Miles: 20.5 + .5 for water
Water: From creek yesterday, 3L form the Tule Springs tank
So it seems that I have a trail name: Fixie. Like the bicycle without gears. Uphill, downhill, morning and evening, I tend to go the same speed. I push extra hard going up, but never quite go fast enough on the way back down. And I have proved quite helpful at fixing minor troubles. Also, it rhymes with Pixie.
Trail names, for the uninitiated, are the norm among long distance hikers. There are lots of ways to get one, carrying something unusual, getting caught up in major or minor mishaps, or just having some small quirk. Like repeatedly talking about milk cravings (Moo Juice). Saying the right thing at the right time (Shenanigans!). They are usually given by others though you have the chance to refuse. I have already turned down Kit Kat, which is cute, but something I can’t eat because of allergies, and Thigh Chafe, no explanation necessary.
Our group now consists of: D.O.G, Grey Cachet, Shenanigans, Moo Juice, Fixie and Audrey, yet unnamed. Each morning I give Audrey a new name suggestion to turn down, like dead mice ‘presents’ from a cat: Cowgirl, Rock Star, Galaxy, Wide Load. But nothing sticks.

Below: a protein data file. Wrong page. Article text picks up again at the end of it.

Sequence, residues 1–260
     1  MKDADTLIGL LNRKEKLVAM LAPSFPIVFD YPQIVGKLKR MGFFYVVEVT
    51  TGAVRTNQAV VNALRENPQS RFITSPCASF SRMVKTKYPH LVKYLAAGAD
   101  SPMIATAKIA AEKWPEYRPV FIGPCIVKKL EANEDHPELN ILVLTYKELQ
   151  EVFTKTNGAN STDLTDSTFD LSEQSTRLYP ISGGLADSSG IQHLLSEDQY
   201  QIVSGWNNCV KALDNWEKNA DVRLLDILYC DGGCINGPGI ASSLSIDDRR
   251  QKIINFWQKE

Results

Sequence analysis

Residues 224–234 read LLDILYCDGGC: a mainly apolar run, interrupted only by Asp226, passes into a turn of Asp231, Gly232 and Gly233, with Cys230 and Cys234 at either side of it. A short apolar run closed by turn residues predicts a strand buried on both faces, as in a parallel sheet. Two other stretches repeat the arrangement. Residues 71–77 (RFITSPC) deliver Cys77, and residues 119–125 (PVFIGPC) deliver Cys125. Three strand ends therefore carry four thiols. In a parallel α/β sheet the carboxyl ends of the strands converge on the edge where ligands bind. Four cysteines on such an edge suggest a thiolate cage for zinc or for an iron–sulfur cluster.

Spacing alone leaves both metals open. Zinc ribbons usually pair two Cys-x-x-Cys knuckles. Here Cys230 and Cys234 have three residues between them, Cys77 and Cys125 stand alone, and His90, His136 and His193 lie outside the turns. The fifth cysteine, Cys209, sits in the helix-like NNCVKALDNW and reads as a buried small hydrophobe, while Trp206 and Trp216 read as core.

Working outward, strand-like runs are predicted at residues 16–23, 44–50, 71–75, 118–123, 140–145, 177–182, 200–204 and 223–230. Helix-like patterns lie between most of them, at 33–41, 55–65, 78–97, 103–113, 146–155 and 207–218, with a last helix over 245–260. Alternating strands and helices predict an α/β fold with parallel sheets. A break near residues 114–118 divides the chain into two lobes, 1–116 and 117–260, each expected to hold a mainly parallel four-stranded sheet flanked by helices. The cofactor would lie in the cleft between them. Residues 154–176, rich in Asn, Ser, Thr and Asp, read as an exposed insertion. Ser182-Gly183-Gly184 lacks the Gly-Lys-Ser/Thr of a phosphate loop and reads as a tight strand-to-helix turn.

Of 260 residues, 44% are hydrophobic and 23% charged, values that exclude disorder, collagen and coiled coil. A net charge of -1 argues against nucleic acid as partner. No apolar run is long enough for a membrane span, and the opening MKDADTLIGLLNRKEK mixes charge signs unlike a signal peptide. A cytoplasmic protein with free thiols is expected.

In the late afternoon we pass several hikers we have not met before, the first new people in days on trail. It seems we have caught the slow end of the bubble that holed up in Julian during the storm. For the first time, I am introduced as Fixie, which feels strange. But trail names are followed by name stories and trail talk, diverting greetings from ‘real’ life questions and worries.
Among friends, water is now part of standard greeting “see you at water” we say. There are multiple sources today, but several are far from appealing. The water report (confirmed by direct observations) describes the one where we camped as full of dead bugs, with an oily sheen on top, and a later one simply as “disgusting.” I calculate and carry carefully to avoid desperate measures.
Lunch break is delayed until the next good source, and as part of a general push forward. Between the paradise Cafe, known for some of the best burgers on trail, 25 miles ahead, and impending weather, we are eager to reach the next road. We arrive at water tired with achy feet, and collapse in the sandy soil near the water tank. Others show off their blisters, a gruesome display of raw red flesh, white flappy skin. Some angry open wounds several inches across.
My feet are holding up surprisingly well. They are dirty, generally sore and covered in heat rash, but somehow still blister free at mile 140. I cannot say the same for my shoes, that now have holes two fingers wide and growing on each side. Better them than my feet. Hopefully I can exchange them in Idyllwild.